The Earth’s largest continental rift, the East African Rift (EAR), has long been a mystery to geologists. But a new study combining computer models with GPS satellite data has revealed interesting results. Crustal deformation in this region is not only perpendicular to the movement of tectonic plates, but also parallel to it. Three-dimensional models developed by the authors of the study indicate that this additional parallel deformation is the result of the African superplume, a massive rise of the hot mantle from deep within our planet, carrying heat to the surface.
What are rifts and how do they arise?
Rifts are the result of tectonic plates moving away from each other, causing the lithosphere (crust and upper mantle) to stretch and break apart. This leads to deformations at the Earth’s surface, usually perpendicular to the movement of the plates.
EAR: an enigma for geologists
The EAR extends about 6,400 kilometers (almost 4,000 miles), and it is thought to divide Africa into two parts over millions of years. As the lithosphere stretches and becomes thinner, we will see more earthquakes and rock failures throughout the region.
The results of a new study
Three-dimensional models developed by the authors of the new study indicate that additional parallel deformation, which is not characteristic of rifts, is the result of the African superplume. This upwelling of partially molten rock extends from southwest to northeast Africa, becoming shallower along the way and forming a mantle flow beneath it.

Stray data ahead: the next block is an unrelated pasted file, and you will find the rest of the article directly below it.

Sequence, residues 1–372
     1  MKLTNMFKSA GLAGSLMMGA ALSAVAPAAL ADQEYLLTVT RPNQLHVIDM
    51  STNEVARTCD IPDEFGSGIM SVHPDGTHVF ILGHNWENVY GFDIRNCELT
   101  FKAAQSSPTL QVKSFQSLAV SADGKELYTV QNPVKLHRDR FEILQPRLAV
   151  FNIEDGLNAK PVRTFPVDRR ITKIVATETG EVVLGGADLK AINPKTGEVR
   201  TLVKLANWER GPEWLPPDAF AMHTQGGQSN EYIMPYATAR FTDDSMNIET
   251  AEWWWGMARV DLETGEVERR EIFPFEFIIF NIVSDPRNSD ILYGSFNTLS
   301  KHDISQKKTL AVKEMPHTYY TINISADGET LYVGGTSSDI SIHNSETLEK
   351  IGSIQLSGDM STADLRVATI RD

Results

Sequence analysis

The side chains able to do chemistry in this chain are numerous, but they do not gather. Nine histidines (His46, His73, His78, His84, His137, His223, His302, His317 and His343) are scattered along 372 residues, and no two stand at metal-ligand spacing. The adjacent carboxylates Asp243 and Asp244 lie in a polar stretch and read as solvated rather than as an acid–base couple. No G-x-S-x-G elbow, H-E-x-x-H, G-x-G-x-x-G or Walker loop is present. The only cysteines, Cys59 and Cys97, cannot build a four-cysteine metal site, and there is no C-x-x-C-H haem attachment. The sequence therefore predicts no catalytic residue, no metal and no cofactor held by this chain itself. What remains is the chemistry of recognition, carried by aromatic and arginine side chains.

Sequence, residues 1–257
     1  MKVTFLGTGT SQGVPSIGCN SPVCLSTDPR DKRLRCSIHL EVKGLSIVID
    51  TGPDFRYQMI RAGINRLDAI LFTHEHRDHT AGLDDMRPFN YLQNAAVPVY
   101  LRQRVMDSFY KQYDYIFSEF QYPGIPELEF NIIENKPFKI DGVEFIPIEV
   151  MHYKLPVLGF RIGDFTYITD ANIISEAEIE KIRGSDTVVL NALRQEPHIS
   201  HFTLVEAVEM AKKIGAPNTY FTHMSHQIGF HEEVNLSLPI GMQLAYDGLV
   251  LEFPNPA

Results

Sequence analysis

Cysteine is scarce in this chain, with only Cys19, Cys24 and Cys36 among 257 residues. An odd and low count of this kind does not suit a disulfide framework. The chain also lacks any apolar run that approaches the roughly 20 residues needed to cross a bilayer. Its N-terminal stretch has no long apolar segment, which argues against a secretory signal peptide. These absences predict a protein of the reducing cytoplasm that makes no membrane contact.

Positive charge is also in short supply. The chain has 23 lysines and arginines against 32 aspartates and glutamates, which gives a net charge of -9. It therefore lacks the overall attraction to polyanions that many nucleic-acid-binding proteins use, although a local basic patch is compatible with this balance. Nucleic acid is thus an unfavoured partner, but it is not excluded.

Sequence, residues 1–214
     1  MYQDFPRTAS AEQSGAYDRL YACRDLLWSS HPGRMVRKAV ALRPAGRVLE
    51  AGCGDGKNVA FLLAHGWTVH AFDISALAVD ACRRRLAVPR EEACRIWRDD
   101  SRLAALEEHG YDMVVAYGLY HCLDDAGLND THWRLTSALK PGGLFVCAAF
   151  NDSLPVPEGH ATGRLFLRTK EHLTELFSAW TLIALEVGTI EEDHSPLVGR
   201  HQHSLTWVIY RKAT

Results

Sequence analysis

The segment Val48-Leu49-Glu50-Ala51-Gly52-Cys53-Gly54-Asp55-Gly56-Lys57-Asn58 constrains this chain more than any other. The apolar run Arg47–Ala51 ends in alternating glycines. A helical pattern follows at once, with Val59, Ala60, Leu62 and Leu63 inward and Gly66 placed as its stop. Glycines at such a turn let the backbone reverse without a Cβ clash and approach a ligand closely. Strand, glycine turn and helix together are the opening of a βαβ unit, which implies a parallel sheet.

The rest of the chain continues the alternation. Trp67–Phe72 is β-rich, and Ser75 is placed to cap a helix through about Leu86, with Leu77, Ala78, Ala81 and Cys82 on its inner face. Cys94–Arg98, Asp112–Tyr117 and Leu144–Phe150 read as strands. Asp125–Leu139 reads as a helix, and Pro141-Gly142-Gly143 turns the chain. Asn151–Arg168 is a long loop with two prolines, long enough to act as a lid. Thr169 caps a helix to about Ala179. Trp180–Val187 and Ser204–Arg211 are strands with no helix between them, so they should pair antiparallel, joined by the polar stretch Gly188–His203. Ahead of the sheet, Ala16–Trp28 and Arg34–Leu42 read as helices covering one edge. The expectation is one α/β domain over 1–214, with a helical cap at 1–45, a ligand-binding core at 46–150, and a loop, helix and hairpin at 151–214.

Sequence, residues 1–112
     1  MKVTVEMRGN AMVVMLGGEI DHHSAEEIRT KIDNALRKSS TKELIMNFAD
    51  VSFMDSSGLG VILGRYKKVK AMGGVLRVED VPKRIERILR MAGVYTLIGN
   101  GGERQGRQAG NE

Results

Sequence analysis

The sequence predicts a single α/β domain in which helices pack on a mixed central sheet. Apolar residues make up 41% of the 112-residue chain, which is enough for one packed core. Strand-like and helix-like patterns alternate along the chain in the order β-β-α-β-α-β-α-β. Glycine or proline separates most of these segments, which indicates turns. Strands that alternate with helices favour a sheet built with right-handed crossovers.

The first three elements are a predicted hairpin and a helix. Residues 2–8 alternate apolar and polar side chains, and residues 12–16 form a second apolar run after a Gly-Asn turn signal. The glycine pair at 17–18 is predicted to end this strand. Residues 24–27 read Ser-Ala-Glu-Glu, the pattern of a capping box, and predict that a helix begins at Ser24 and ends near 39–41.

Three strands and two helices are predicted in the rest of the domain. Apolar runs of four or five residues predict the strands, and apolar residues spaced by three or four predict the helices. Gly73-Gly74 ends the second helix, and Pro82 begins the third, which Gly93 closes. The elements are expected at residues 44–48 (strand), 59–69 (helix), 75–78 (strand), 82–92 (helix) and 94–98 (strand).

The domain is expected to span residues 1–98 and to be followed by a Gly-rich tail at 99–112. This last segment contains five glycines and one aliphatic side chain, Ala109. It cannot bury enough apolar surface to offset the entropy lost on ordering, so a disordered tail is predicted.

The African superplume and geological movements
It looks like the mantle flow may be “causing an anomalous northward deformation parallel to the rift,” says geophysicist Tahiri Rajaonarison of the New Mexico Institute of Technology. The same African superplume is probably responsible for some seismic anisotropy – the alignment of rocks in a particular direction in response to geologic forces in the mantle – occurring beneath the EAR, as researchers have previously noted.
How does the lithosphere behave on different timescales?
The research team is comparing different deformations that can occur simultaneously, as with the Silly Putty. “If you hit Silly Putty with a hammer, it can crack and break,” says geophysicist D. Sarah Stamps of the Virginia Institute of Technology. “But if you slowly stretch it, the silly putty will stretch. So the Earth’s lithosphere behaves differently on different timescales.”
Predicting geological movements is a difficult task
But predicting such large-scale geological movements is an incredibly difficult task. The research team says the deformations are consistent with the African superplume model. But more research is needed to make more accurate predictions.